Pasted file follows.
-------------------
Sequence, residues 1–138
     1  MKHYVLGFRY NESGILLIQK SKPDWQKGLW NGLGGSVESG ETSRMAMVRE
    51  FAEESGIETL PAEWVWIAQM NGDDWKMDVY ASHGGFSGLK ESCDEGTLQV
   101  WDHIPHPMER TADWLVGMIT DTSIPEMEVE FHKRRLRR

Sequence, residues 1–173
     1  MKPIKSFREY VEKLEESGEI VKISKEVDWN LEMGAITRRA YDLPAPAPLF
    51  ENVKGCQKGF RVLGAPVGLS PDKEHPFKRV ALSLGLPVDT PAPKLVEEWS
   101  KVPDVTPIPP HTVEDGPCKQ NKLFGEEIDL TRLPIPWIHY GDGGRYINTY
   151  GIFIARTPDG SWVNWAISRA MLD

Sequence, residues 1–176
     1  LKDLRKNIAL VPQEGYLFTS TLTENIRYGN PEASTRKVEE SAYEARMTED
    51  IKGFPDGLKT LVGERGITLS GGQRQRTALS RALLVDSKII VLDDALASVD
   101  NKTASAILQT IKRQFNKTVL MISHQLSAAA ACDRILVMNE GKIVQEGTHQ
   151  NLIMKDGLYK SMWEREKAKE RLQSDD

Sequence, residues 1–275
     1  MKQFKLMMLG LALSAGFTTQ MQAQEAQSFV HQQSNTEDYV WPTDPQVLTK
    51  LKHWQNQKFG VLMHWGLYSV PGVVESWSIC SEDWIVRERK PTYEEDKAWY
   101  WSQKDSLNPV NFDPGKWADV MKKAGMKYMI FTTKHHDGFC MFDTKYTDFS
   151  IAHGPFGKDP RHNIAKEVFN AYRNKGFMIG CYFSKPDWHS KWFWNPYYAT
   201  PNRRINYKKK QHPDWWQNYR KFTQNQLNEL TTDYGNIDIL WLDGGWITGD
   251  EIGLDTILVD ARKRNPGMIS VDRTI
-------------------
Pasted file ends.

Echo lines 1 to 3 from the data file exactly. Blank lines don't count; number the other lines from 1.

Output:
Sequence, residues 1–138
     1  MKHYVLGFRY NESGILLIQK SKPDWQKGLW NGLGGSVESG ETSRMAMVRE
    51  FAEESGIETL PAEWVWIAQM NGDDWKMDVY ASHGGFSGLK ESCDEGTLQV